Communication Skills Purrfected: Feline Body Language

by Andrea Dobras

You’re sitting there, minding your own business and the cat strolls in. She runs up to you, throwing her body into your leg, so you bend down to pet her and she gladly accepts a few rubs. Then, out of nowhere, she throws a jab cross at your exposed leg and she’s got your hand clenched between her jaws. You walk away emotionally and physically injured, not to mention, confused and angry about why this just happened. As cat owners, we tend to generally accept that cats are finicky, very particular, and often live by a “what I want, when I want it” type of mentality. That’s what we love about them, right? RIGHT???
What if I told you that I could give you the power to know what a cat’s actions will be before they make them? Well you are in luck! The majority of cat communication is done through body language and, by learning how to identify the basic signals, you can live happily in peace and avoid those scratches and teeth marks that, thankfully, did not quite break the skin . . . this time.
Cats communicate with much more than their vocal cords, giving off signals with their eyes, ears, body and tail. We will look at charts and easily identifiable ways to quickly assess the current mood of your feline.
Green light = go ahead and pet that cat. Yellow light = proceed with caution. Red light = stop and back away.
Green light: When cat’s eyes are partially closed with slow blinks, this is a comfortable, content, trusting kitty. “Relaxed eyes” (normally dilated pupils) are also usually a good sign.

Yellow light: Partially dilated pupils mean proceed with caution. The cat is attentive and on the verge of becoming nervous, aggressive or playful in a hunting kind of way.

Red Light: Fully dilated pupils (large black centers): Back off and stay away. This cat is extremely nervous, stressed or angry. Seeing this in a cat’s eyes can indicate unpredictable behavior.
Green Light: When cat’s ears are forward (in their normal position), they are generally content, relaxed and aware.
Yellow Light: Twitching, swiveling, back and forth ears represent a potentially nervous feline. They are cautious, uneasy and alert.
Red Light: Backwards, twisted or flat ears are telling you to back off. These ear positions mean irritable, aggressive or fearful.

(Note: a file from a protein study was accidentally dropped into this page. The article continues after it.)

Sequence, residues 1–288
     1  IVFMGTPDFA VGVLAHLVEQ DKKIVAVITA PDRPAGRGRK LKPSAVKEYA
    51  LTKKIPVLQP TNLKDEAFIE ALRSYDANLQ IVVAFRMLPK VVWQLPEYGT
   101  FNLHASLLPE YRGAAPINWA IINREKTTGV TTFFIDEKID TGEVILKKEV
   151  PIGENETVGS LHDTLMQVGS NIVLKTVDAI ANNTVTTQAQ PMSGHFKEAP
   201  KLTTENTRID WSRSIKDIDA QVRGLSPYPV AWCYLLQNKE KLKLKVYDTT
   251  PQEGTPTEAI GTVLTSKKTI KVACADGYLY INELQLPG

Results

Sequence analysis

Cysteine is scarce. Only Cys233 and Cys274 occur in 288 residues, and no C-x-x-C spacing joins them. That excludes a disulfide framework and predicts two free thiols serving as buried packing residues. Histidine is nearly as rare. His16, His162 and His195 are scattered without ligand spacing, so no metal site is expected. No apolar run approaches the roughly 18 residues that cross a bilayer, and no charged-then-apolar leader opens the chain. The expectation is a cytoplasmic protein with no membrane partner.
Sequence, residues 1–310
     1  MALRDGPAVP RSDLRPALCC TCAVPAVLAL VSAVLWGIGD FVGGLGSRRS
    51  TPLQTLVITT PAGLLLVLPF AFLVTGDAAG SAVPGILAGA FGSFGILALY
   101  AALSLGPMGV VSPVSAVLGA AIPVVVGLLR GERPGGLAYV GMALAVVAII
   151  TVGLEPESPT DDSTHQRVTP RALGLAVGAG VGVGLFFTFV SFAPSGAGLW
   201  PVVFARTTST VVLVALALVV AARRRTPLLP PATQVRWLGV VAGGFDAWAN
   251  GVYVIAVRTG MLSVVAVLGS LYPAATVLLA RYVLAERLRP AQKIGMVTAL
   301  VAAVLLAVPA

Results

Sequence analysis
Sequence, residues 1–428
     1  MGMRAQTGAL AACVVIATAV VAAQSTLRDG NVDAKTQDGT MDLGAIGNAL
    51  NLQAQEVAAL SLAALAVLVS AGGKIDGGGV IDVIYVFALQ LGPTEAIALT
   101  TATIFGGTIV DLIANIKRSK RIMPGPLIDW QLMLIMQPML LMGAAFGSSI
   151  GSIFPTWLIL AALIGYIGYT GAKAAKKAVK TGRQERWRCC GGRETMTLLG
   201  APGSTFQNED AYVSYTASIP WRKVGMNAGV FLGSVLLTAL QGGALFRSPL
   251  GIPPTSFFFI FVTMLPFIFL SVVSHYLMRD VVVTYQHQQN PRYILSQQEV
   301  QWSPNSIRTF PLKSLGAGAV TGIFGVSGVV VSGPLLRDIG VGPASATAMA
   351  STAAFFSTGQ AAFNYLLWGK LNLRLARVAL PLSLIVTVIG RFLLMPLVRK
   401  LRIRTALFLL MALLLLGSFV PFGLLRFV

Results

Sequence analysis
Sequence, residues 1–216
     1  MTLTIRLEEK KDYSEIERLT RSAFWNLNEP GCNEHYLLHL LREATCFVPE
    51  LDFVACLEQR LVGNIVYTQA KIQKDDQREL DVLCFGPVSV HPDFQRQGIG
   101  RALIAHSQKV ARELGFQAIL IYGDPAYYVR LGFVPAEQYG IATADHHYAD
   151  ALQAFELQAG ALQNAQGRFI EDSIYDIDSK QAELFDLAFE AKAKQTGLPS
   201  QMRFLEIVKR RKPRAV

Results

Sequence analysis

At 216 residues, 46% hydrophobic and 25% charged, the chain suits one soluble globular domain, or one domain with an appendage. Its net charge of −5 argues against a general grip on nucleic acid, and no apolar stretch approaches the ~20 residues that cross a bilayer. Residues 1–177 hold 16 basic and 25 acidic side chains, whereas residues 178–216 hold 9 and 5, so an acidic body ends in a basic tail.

Green Light: When a feline rubs their body against you, this is a content cat and also a cat harmlessly “marking” his/her territory. When a cat kneads or “makes bread,” this is a sign of ultimate happiness/contentment that stems from being a kitten and pushing on their mother’s stomach for milk.

Yellow Light: There are two main “yellow light” body positions to be aware of. First is when the cat is arching its back. It’s important to notice whether their fur is normal or standing upright. Normal, flat fur is an indication that they want to be petted. Spiked fur or “Halloween” pose is a reaction to being frightened or startled. The second body position is when a cat is lying on his/her back with stomach exposed. A cat is NOT like a dog when it comes to having their belly rubbed. A cat who is lying on its back can be in a relaxed, welcoming pose or a highly-defensive fighting pose. I recommend not rubbing his/her belly unless you know whether that cat enjoys it or not. Cats are often very sensitive and particular when it comes to their feet, belly and back/rear area.
Red Light: Back away from any cat in “Halloween” pose or a cat lying on its back showing several other body language signs of being upset (growling, dilated pupils, twitching tail, flat or twisted ears).
Green Light: I find that the tail is the most accurate of all the body parts in determining your cat’s mood. A highly held tail with normal, flat fur, shows that the cat is confident, friendly and approachable. A cat will often curl his/her tail around you in a flirting manner to show happiness.
Yellow Light: When a tail is held angled it may indicate that the cat is unsure.
Red Light: When the cat’s tail is upright and the fur is standing on end (looks like a bottle brush), stay away. This cat is feeling threatened and aggressive. Stay away from a cat who is thrashing its tail back and forth or up and down against the floor. Any signs of thrashing or thumping of the tail is a warning sign that they are getting irritated. In my personal experience, if you continue to pursue a cat with a fast flapping tail, you should prepare for a bite or a claw to immediately follow.
Note: It’s important to evaluate all of the body language as a whole, as they may be giving off contradictory signals. If a cat is showing any of the yellow or red light behaviors, it’s best to give him/her space.

I do want to remind you to “listen” to your cat. They will often have a different pitch in their meow or will give you a full blown “hiss” to indicate that they are irritated. Take this as a polite way of telling you that they need some space. Just because you want to keep petting a cat doesn’t mean he/she wants to receive your attention. Cats are very sensitive to overstimulation and overstimulation is a no-win situation. It’s important to respect signals and boundaries if you want to have a successful relationship with your feline.